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Originally Posted by nancy61 View Post
I have to believe that this is a very small percentage of the certificates, and can be diminished even further by AA's judicious distribution of the certificates to elite passengers only.
Me, my wife, my son, my sister, my brother, my mother all AA elites, and I am the one booking all the flight for them. If we have to give all 20 cert to one AA employee friend (which we don't have), that could be something; not to mention my co-workers, quite a few of them are AA elites as well, I could get the cert from them, since they never used it.

How many cert could one employee possibly get from daily routine job?

Employee will take the time to find ways to "please" their relative/friend, instead of focusing on their routine job. Human tends to find an easy way out... well, I am not implied all.

Just a thought.
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Old Jul 7, 10, 8:42 am
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Originally Posted by MilesMark View Post
They are frequently yelled at and abused by customers and can understandably get frustrated. We tend to vent our frustration on those we encounter instead of those who promulgate the policies that are making our life difficult.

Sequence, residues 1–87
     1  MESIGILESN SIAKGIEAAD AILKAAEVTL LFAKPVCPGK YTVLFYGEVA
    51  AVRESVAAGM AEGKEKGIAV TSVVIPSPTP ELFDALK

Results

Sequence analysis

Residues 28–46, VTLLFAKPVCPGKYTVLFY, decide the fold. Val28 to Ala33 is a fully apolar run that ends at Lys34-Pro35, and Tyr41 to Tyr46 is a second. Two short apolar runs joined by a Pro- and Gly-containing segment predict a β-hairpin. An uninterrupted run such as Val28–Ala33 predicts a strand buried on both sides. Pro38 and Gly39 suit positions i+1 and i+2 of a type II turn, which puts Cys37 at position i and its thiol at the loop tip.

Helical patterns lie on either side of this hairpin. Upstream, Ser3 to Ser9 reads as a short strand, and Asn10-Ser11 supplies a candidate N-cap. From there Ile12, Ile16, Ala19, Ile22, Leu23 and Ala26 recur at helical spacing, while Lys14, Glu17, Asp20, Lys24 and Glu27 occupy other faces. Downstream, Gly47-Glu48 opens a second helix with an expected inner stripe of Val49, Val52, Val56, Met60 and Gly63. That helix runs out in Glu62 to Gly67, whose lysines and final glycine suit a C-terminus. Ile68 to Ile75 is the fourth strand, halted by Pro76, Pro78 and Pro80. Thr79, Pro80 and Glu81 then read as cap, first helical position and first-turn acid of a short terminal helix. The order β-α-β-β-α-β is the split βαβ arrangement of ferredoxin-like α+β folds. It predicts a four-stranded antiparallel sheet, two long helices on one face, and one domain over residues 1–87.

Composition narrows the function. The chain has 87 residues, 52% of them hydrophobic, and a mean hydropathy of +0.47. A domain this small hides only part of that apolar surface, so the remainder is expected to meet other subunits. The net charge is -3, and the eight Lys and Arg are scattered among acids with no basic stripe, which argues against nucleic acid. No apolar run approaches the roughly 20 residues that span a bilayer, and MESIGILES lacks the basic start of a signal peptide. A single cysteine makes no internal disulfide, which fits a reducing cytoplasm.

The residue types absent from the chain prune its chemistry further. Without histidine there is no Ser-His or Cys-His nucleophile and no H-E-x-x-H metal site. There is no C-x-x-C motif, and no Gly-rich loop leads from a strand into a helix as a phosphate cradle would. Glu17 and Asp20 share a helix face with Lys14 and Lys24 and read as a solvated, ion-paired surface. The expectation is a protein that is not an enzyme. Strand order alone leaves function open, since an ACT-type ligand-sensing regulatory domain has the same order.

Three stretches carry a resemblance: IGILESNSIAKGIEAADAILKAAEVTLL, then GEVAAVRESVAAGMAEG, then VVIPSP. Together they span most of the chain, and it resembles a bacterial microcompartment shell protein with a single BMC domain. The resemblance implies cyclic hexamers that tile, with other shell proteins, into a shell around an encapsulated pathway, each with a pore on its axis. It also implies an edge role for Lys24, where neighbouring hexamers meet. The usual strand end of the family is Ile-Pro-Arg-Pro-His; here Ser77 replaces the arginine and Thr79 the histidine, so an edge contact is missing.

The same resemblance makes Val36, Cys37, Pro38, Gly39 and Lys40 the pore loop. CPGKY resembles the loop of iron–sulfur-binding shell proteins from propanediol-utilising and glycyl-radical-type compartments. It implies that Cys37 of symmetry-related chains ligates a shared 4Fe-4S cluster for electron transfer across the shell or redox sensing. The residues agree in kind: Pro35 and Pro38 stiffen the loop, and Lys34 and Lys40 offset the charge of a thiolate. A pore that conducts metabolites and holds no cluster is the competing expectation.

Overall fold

I wholeheartedly agree with your comments about sending letters. When I receive this exceptional level of service, I do write to AA.com. I've even received comment from one of my favorite AAngels when I next spoke with her that she had received a copy of the letter and a commendation in her record. It was clear that this meant more than certificates would have.

However, I have to take exception to the comment above. While I'm sure it does happen, we travel quite a lot each year,and the instances of passengers being abusive to AA staff are very few and far between. Sure, it happens, but let's not bend over so far backwards as to blow it out of proportion.

Cheers.
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Old Jul 7, 10, 9:58 am
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As an employee that does not work the front lines, I can say, without reservation, that a letter does much more for me than an applause certificate.
As to the allegation that an employee would urge elite family/friends to give them certs for perks- ridiculous.
I have never heard of anyone soliciting AAplause certs and frankly, I value my job and benefits way too much to risk it by breaking rules and I would wager that most of my co-workers feel the same.
And I agree wholeheartedly with the OP. A kind word via a letter or just a few words written on a napkin make more of an impact than the certs.
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Old Jul 7, 10, 10:07 am
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Originally Posted by brp View Post
I wholeheartedly agree with your comments about sending letters. When I receive this exceptional level of service, I do write to AA.com. I've even received comment from one of my favorite AAngels when I next spoke with her that she had received a copy of the letter and a commendation in her record. It was clear that this meant more than certificates would have.